This article contains some higher-level thoughts on web design without going into technical details.
The goals of title and meta tags are to give search engines information to be displayed to potential visitors, and to help search engines in finding a page. The goal is not to get a high ranking in search engine results; ranking is a task of the search engines, and designers should not try to influence it. So the contents of these tags should be informative, and not "optimized" for search engine ranking.
The title tag must contain a short descriptive title of the page in question, and should be different for each page of a web site. It should not be crammed full of keywords to please search engines. The title of the main page need not be repeated in the title tags of the other pages.
The keywords tag should contain a number of keywords related to the contents of the site or page in question. Again, it should be different for each page. The main page may contain keywords for the whole site. About 5 to 8 is usually enough, and it is not needed to include all possible misspellings and singular/plural forms, except for those that are actually used very often by visitors, as indicated by your web site statistics. The other pages each contain the 1 to 3 keywords on which the page in question focuses.
The description tag contains a description of the site or page. It, too, is different for each page. It should just say what the page is about; or the site, if it concerns the main page.
There are those who say the title, keywords and description tags (and even the contents of the page!) must "match", by which they mean that the same keywords must be repeated in all of those places, resulting in idiotic titles and descriptions like "Blablabla, the ultimate page for all your blabla, blablabla, bla, blabla... et cetera et cetera and blabla". Such people think search engines will rank their page higher when the same keywords appear everywhere. But search engines that really are that stupid do not deserve to exist. The cause of this misunderstanding is that there are idiots who try to attract more visitors by putting popular keywords in their keywords tag that do not really relate to the contents of their site. And some search engines have tried to get around that by checking the keywords tag against the other meta tags and contents of the page. In turn, the moronic habit arose to include the same keywords everywhere to make things "match". But that is merely pleasing the search engines, which is not a goal of a web page.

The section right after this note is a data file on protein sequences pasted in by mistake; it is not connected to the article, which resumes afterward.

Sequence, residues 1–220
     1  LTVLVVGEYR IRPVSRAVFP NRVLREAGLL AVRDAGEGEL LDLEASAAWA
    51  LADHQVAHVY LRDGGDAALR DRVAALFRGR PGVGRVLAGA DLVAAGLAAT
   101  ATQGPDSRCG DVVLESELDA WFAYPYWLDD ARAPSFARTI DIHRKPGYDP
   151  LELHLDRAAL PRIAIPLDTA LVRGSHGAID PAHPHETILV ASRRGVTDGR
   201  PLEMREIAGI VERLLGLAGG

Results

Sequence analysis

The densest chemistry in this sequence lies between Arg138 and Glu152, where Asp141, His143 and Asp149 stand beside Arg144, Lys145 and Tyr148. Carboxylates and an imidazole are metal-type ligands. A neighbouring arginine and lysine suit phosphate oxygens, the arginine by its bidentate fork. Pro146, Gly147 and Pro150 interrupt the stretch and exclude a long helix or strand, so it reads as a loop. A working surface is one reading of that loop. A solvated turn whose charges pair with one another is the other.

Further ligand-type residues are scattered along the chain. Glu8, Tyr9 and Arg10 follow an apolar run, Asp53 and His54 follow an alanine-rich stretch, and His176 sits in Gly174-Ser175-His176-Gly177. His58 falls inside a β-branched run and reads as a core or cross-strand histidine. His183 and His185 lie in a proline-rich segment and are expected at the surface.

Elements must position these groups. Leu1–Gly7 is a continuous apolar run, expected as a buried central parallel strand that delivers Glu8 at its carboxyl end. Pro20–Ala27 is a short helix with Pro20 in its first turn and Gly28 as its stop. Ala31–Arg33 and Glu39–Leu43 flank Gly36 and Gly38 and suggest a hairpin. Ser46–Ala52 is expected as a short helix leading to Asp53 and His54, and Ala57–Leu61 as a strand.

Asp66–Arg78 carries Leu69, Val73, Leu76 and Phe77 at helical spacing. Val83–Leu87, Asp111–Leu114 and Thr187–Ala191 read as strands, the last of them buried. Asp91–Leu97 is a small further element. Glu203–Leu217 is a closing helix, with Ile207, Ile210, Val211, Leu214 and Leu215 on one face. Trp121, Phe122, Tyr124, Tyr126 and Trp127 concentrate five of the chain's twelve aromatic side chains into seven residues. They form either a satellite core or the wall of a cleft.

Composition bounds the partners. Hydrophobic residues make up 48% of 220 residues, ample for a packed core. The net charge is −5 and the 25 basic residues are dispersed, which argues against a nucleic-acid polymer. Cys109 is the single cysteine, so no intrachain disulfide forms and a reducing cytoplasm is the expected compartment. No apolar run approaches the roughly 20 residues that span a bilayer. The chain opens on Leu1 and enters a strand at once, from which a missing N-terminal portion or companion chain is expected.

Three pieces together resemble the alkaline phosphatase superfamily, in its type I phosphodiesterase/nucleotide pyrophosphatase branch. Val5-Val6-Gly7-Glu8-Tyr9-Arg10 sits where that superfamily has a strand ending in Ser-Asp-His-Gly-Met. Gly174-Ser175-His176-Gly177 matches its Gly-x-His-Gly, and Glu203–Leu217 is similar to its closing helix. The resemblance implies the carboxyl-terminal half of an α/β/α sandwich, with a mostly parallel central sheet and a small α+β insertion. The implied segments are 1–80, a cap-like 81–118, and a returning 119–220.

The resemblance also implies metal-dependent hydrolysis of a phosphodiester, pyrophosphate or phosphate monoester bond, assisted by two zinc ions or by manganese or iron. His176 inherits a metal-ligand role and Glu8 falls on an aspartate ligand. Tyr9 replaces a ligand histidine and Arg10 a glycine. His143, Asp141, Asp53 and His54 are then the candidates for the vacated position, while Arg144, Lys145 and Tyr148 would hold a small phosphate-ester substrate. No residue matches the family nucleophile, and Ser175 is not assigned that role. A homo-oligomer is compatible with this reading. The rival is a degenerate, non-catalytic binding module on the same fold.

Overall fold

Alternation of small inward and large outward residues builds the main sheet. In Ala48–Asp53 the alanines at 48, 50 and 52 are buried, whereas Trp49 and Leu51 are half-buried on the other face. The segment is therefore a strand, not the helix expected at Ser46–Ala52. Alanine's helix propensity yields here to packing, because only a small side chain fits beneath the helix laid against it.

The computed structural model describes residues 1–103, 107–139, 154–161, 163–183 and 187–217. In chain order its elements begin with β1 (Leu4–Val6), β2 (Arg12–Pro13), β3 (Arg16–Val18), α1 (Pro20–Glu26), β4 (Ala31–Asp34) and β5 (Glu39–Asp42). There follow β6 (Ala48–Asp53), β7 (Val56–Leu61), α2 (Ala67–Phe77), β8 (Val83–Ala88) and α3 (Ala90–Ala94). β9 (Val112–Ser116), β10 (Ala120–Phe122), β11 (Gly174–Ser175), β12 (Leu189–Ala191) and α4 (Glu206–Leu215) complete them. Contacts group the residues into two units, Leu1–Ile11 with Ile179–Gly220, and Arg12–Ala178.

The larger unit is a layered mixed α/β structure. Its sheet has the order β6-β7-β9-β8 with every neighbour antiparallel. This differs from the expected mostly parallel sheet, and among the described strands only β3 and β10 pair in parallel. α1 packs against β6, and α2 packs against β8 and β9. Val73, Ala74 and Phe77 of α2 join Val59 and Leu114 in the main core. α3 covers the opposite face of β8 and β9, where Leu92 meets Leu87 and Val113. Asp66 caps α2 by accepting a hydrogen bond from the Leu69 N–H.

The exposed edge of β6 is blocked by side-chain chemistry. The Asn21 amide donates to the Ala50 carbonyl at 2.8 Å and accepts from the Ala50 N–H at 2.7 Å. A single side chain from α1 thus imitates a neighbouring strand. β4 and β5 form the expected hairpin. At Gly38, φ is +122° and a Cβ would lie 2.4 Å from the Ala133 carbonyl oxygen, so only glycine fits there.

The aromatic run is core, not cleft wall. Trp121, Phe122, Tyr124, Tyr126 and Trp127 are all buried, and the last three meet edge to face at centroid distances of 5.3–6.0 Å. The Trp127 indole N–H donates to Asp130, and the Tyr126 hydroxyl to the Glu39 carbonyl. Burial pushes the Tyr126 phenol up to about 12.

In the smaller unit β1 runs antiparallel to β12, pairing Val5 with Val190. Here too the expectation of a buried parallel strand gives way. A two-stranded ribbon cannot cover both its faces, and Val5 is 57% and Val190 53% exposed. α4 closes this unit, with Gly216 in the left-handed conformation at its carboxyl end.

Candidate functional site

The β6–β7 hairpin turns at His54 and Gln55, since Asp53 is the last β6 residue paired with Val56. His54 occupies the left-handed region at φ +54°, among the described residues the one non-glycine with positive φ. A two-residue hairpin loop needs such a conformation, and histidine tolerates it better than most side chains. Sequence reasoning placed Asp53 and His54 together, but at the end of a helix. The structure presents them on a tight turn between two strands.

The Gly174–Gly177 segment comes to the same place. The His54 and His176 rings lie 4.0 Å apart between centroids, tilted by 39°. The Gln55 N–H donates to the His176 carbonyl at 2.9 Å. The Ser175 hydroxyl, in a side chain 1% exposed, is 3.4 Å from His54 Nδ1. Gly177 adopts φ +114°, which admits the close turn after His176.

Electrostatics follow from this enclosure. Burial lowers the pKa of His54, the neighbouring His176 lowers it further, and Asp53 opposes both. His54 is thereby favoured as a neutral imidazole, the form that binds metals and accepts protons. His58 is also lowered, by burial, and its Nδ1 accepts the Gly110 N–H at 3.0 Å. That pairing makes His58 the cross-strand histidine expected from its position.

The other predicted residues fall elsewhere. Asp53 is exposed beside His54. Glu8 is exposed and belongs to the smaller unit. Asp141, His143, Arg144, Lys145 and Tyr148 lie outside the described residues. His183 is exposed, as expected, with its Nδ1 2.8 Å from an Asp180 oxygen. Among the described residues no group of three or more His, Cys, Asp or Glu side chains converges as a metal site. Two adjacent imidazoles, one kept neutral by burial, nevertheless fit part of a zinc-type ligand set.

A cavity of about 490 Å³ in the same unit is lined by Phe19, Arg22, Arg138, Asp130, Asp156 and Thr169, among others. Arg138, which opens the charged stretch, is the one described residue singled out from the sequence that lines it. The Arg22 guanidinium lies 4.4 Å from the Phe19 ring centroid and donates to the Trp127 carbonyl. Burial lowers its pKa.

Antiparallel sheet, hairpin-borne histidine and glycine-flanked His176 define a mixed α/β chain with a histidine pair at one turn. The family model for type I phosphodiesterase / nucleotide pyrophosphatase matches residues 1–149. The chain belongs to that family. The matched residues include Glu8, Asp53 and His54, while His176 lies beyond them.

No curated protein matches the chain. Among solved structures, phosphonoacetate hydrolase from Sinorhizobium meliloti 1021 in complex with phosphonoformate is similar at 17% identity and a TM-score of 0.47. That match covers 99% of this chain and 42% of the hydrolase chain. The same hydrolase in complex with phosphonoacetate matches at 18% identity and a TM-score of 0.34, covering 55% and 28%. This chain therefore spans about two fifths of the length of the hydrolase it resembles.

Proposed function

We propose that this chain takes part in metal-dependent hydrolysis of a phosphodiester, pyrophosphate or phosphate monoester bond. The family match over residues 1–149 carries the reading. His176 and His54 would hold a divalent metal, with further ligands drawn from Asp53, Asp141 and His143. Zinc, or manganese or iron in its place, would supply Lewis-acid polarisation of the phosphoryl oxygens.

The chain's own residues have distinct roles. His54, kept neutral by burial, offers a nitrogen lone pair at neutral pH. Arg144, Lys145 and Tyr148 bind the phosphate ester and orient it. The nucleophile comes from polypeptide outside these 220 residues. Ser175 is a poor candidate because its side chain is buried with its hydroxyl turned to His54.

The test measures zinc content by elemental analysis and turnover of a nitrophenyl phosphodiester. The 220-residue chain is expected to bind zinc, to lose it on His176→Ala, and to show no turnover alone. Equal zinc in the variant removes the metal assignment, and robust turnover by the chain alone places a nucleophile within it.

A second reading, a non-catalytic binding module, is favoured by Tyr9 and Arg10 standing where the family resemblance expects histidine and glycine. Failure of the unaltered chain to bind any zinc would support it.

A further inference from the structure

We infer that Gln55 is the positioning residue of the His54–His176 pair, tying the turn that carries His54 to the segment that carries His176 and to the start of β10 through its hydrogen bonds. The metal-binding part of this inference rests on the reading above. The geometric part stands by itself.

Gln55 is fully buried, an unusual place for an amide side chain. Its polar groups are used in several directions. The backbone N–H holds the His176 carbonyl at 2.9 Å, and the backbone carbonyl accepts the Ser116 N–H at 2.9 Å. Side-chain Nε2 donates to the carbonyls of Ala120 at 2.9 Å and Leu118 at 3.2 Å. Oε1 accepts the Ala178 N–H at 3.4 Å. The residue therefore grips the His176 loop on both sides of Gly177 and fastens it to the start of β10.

Finally, the contents of a page should not be "optimized" by cramming it full of keywords. It is meant for humans, not search engines.
On a web page there should be no more than one hyper reference to each particular location. Repeated hyper references are confusing, as they give the impression of more content than there actually is. For instance, a hyper reference in a menu must not be repeated in the contents of that page.
Hyper references should open in the current window. Only when the contents of the current window must remain available for some reason (e.g. because it is needed when filling out a form) it is acceptable to open a hyper reference in a new window, although even then it is better to suggest to the visitor to hold Shift (new window) or Ctrl (new tab) down when clicking on the hyper reference.
Hyper references to other web sites should only be included when and because one feels the other site is worth linking to, and never just in exchange for a link back. The latter - "reciprocal linking" - is a form of networking (or favouritism) that may bring more visitors to who practise it, but reduces the quality of the Internet as a whole.